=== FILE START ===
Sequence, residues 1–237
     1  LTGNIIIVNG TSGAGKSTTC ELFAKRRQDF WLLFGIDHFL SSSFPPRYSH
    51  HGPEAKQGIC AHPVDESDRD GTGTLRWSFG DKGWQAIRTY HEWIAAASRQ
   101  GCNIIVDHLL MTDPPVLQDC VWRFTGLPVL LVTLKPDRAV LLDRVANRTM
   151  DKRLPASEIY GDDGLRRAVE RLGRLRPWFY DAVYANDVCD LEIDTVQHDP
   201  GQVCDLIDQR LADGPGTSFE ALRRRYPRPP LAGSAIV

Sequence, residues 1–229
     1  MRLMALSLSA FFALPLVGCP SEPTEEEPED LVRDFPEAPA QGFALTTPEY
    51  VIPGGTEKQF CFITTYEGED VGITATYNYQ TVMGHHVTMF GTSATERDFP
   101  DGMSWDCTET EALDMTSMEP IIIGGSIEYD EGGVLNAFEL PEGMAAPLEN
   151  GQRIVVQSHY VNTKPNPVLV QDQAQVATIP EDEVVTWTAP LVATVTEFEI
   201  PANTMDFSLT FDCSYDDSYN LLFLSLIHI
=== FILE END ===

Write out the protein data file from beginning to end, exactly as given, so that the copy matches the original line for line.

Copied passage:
Sequence, residues 1–237
     1  LTGNIIIVNG TSGAGKSTTC ELFAKRRQDF WLLFGIDHFL SSSFPPRYSH
    51  HGPEAKQGIC AHPVDESDRD GTGTLRWSFG DKGWQAIRTY HEWIAAASRQ
   101  GCNIIVDHLL MTDPPVLQDC VWRFTGLPVL LVTLKPDRAV LLDRVANRTM
   151  DKRLPASEIY GDDGLRRAVE RLGRLRPWFY DAVYANDVCD LEIDTVQHDP
   201  GQVCDLIDQR LADGPGTSFE ALRRRYPRPP LAGSAIV

Sequence, residues 1–229
     1  MRLMALSLSA FFALPLVGCP SEPTEEEPED LVRDFPEAPA QGFALTTPEY
    51  VIPGGTEKQF CFITTYEGED VGITATYNYQ TVMGHHVTMF GTSATERDFP
   101  DGMSWDCTET EALDMTSMEP IIIGGSIEYD EGGVLNAFEL PEGMAAPLEN
   151  GQRIVVQSHY VNTKPNPVLV QDQAQVATIP EDEVVTWTAP LVATVTEFEI
   201  PANTMDFSLT FDCSYDDSYN LLFLSLIHI